A few months ago before Dog's tenth birthday, he and I were standing toe to toe over some now-forgotten issue that he was waxing mouthy about. I snapped back at him that I'd tolerate no teenage lip while he was still in single digits. Heh. I was expecting to have a few more years of "kid" stuff before we got into the "teen" stuff, but Dog has always been old for his years, so I shouldn't be surprised.
One of the more memorable discussions we've had of late is over, not surprisingly, menu options. I expect that food choice is going to become a much-debated topic in the coming years. This discussion wasn't what one would necessarily expect, though.
As a bit of background, when we first started with our "free" lifestyle, I made some conscious decisions about how we would structure this. Since things are so very limited, I wanted to offer the Hobbits as much choice and control as possible within the very tight framework of our operational limits. To that end, I came up with ways to provide three choices of meals that could be prepared quickly and gave each of them the opportunity to choose for themselves from those three options at each meal. My version of convenience food...kind of a Once A Month Everything Free Cooking...except my major food prep ala OAMC is more frequently than that. This might mean that I might make up three (or four, counting dinner meals) different dishes for the same meal, but at least they would have some control over what they were eating.
We've gone on this course for about four years now and it's worked rather well. Not much fighting over food nor complaints about not liking what was for dinner. Still and all, some days it can be rather tiresome. There are days when I just want to do one thing and be done. This was one of those days. I just made food for the meal, set it on the table and called the Hobbits to come and eat. Dog sulked at me that he hadn't been consulted on his menu option and was prepared to be disagreeable about it. I pointed out to him that the number of children in the known universe who were at liberty to choose what they wanted to eat at every meal, every day probably totaled three. That was, of course, before I'd read the UCLA dinner study....I was stuck in my Baby Boomer childhood memories. Still, I'll entertain an "amen" chorus of comments to anyone who cares to leave any...any ammunition would naturally be shared with Dog. Hey, coming up on this pre-teen thing, I need all of the help I can get!
I decided that it was way past time for him to understand the amount of work that goes into making one meal, let alone coordinating three, however quickly they could be assembled. I'd meant this as a "taste of his own medicine" kind of natural consequence to his petulance, but he was actually rather excited about the idea. I'd settled on a quick and beginner-friendly recipe inspired by one shared by my gardening mentor. It's especially nice for those who are sensitive to tomatoes--not that this is us, for a change--because it relies only on herbs and spices for flavoring and color, not tomatoes. The lost-to-posterity cookbook called it "Real Deal Chili" (let me know if anyone knows the attribution for this recipe!) but I call it the
No-mato Everything Free Chili.
4 lbs ground meat
1 onion or 1 T onion powder
3 garlic cloves or 1 T garlic powder
4 T paprika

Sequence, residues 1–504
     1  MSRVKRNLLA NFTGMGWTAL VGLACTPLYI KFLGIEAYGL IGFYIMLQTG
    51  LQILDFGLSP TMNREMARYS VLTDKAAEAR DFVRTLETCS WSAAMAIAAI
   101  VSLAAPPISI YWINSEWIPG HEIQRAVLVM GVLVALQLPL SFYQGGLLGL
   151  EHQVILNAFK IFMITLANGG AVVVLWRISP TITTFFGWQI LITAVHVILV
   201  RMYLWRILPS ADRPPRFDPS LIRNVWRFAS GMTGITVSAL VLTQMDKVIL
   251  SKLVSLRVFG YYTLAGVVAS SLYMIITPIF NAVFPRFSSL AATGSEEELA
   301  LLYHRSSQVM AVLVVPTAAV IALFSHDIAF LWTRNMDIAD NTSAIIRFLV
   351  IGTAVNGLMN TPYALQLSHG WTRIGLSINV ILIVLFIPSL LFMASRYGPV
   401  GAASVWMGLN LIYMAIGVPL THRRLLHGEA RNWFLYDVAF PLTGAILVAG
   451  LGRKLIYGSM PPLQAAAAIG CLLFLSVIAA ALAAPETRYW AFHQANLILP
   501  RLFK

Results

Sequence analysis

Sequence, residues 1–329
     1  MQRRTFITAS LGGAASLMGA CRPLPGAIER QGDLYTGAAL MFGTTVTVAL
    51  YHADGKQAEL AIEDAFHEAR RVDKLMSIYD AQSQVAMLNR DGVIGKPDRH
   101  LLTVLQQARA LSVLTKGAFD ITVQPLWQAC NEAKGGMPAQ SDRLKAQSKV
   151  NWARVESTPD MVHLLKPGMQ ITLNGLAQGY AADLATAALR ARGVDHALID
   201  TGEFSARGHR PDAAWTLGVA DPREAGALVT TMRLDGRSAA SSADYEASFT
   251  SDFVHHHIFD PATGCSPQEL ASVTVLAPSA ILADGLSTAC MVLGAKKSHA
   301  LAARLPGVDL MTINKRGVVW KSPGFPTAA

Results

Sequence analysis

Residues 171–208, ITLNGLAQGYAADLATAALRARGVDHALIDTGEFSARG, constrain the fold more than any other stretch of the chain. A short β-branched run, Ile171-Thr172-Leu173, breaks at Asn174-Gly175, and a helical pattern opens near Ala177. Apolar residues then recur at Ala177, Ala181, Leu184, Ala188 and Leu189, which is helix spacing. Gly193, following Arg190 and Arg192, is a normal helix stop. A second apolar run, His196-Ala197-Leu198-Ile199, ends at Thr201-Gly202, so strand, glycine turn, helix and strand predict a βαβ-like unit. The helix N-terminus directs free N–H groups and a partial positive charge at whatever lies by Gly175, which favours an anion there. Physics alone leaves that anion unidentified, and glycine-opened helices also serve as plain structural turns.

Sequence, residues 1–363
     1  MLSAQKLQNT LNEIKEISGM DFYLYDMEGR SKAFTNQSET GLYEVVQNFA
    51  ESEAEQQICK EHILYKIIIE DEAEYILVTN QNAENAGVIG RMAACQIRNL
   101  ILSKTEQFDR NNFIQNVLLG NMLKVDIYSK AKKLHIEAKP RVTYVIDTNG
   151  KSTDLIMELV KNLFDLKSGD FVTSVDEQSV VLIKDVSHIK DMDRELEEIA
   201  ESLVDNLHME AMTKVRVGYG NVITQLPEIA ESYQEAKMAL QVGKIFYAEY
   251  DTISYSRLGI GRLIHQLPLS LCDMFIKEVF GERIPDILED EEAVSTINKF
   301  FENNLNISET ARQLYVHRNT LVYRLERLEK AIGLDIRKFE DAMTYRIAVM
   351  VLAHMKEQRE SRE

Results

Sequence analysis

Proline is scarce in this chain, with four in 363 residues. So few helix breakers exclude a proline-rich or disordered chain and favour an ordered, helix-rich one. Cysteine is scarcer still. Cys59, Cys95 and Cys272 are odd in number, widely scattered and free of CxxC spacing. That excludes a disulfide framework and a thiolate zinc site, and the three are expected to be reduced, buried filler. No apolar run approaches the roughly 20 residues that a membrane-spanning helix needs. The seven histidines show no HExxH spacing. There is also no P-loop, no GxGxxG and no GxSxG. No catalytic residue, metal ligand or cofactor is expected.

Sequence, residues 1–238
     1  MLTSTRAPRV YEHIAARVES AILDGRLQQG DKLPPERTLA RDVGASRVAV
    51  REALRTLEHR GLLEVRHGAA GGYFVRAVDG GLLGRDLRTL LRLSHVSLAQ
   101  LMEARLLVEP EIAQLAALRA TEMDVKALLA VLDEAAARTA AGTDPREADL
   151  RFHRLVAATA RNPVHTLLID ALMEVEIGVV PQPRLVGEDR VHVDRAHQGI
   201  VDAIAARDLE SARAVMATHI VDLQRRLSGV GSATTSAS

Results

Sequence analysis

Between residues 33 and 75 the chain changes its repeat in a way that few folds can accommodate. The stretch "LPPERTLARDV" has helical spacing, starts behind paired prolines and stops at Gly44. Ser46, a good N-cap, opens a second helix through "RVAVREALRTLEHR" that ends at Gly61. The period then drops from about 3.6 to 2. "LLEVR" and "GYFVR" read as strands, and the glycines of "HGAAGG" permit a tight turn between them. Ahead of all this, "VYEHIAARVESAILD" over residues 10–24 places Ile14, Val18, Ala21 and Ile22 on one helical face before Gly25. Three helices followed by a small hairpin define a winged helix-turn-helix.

4 T chili powder
1 T cumin
1 T oregano
2 t pepper
1 t kelp (only because I'm always looking for a vector to sneak in sea vegetables)
1/2 lb. sliced mushrooms
2 t salt if not using bone broth
1 quart bone broth or water
2-3 T arrowroot or tapioca starch (optional for thickening)
While slicing mushrooms, brown ground meat in dutch oven and drain. Pour broth, mushrooms, and seasonings into dutch oven and boil until mushrooms are soft. If using starch flour for thickening, dissolve starch in small amount of water and add to boiling mixture. When the opaque liquid becomes translucent again, return ground meat to the oven and mix thoroughly until heated through. Allow to simmer to reduce if desired. The Hobbits like it served with rice snaps.
Dog took eagerly to chopping up the mushrooms--he's been one of my prep chefs for a while now--and measuring out all of the ingredients. He'll be able to lift me someday, but right now he still needs some help handling a hot cast iron dutch oven. The rest of it he does very well by himself. These days he considers this recipe his specialty and would be mightily offended if I were to presume to usurp his prerogative. Gotta smile. Just don't let him see it. We're always sure to have chili in the refrigerator, whatever the weather. So whenever Dog complains about what's on the menu, I direct him to the refrigerator where he can find his very own bowl of chili. I cooked one dish, hung up my apron and the kitchen is closed.
Friday, August 31, 2007
Friday, August 24, 2007
Tool Guy was called away on business for two weeks. All three of the Hobbits and I looked at each other and wondered what we would do with ourselves while he was gone. Still lots of tomatoes to can and, to their everlasting joy, we have begun our homeschooling year. Needless to say, I could have suggested instead that we watch paint dry--and in this very damp summer, a task that wouldn't happen with any rapidity--and they would have responded with something like alacrity. Party Planner and I conferenced and decided that we needed to plan some fun things to do during the interminable Absence.
The play date was lots of fun. PP brought her Grandson over to play. He's also an age mate in Princess and Bug's group in our homeschooling co-op. All of the Hobbits were orbital over having him over for fun. It's funny. There's a three years' age spread between each of the Hobbits, but each of them considers this little lad to be their own particular friend. Each of them planned what they wanted to do while he was visiting. Mostly, they wandered Christopher Robin fashion through The Bog and The Woods, poking around and releasing a captured frog back into the wild. PP and I sat on the back deck and relaxed with cups of cinnamon tea.